Cancer Education. Cancer education has always played an important 
role in the anti-cancer campaign, as clearly manifested in the various 
information materials prepared for the public. These include A Popu- 
lar Discourse on the Prevention of Tumors, 50 and Malignant Neo- 
plasms, 52 all written in layman's language. As noted earlier, the edu- 
cational campaign contributed much to the success of cancer screening 

Cancer Therapy. Information on cancer therapy in New China is 
extremely limited. The reported efficacious use of actinomycin K and 
kengshenmycin in the treatment of Hodgkin's disease and malignant 
trophoblastic tumors, respectively, was noted earlier. Other therapeutic 
achievements were reported by several authors. 11, 35_37 Of particular in- 
terest is the apparent progress since the founding of the People's Re- 
public in the treatment of malignant trophoblastic tumors (Table 2). 
The mortality figure of choriocarcinoma decreased from 89 to 57 per- 
cent during 1949-1965, and that of chorioadenoma decreased from 26 
to 13 percent. Since 1965 the mortality figure has decreased to 39 and 
5 percent, respectively. More detailed information is contained in 
Appendix B. 

Additional crude statistics on therapeutic results are presented in Ta- 
bles 3 to 5 and Figure A to indicate recent advances in this area. Natu- 
rally, these figures are not strictly comparable with corresponding data 
available for Western countries for such reasons as differences in defini-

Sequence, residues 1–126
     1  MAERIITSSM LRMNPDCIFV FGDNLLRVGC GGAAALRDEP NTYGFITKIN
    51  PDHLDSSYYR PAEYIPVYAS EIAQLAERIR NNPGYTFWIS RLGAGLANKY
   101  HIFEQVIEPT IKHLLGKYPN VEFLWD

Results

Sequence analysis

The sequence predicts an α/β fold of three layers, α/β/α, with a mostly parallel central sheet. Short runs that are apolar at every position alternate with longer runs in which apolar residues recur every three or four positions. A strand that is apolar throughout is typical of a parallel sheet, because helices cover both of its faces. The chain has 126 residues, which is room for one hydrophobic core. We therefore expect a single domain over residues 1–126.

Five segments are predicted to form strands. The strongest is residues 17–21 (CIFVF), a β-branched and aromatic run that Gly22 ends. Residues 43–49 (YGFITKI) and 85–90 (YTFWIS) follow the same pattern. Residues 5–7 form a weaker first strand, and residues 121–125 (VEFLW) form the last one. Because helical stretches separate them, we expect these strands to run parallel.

tion (i.e., staging), coverage, selection of patients, and medical ad- 
vances. The 5-year observed survival rates for patients in all stages of 
cervical cancer who were receiving radiation therapy (not shown, based 
on data presented in Table 3 for the three hospitals), ranged from 53 to 
75 percent. This is similar to a 51 percent rate for U.S. registered cases 
for the years 1950-1 954. 72 Other 5-year survival figures for cervical can- 
cer patients receiving radiation or surgical therapy were also compara- 
ble (Table 4). 

In the case of cancer of the esophagus (including gastric cardia), a 
decrease in surgical case fatality from 18.4 to 6.0 percent was noted for 
Fu Wai Hospital during 1947-1961 (Table 5). A similar low rate was 
shown in Table 3 for several other cancers and reportedly paralleled 
those being recorded at the same time in Western literature. The 5-year 
survival rate following resection of squamous cell carcinoma of the 
esophagus was 23.7 percent 60 (Figure A). (Data from Fu Wai Hospital, 
Peking, 1940-1960.) 

Since 1958 traditional drugs and acupuncture have been used inten- 
sively in cancer therapy. Reportedly great progress in the treatment of 









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Stage I 

Stage II 










Table 4. Five-Year Survival Figures for Patients with Cancer of the Cervix, by Stage 
and Type of Therapy, Specified Hospitals and Years 


245 cases at Tianjin Obsterical and 
Gynecological Hospital. 1952- 

2,171 cases at Shanghai Tumor 
Hospital, 1950-1956 

398 cases at Shanghai Obstetrical 
and Gynecological Hospital 1952- 


92 cases (Meigs-Okabayashi meth- 
od) , Shanghai Municipal First 
People's Hospital, 1957-1960 

154 cases at Tianjin Central Obste- 
trical Hospital and Shanghai 
Municipal First People's Hos- 
pital, 1963-1964 

225 cases at the First Hospital, 
Peking Medical College, 1949- 

1,181 cases in Shanghai, Tianjin, 
and Wuhan, 1965 

757 cases at Shanghai Tumor 
Hospital, 1951-1961 

Source: References 53-59 








95.0-100.0% 62.0-77.0% 

95.2% 50.0% 

Table 5. Surgical Case Fatality by Selected Cancer Sites, Specified Hospital, and Years 


Source of Data 

Surgical Case Fatality 


gastric cardia) 

1,562 cases at 18 hospitals, about 

161 cases, Fu Wai Hospital and Can- 
cer Hospital, Peking 1960 

202 cases, First Hospital Peking 
Medical College, 1957-1962 

210 cases, Provincial Second Hos- 
pital, Shangtung 

152 cases, Chinese Union Medical 
College, 1947-1954 

10%; 3-5%, 1956-1959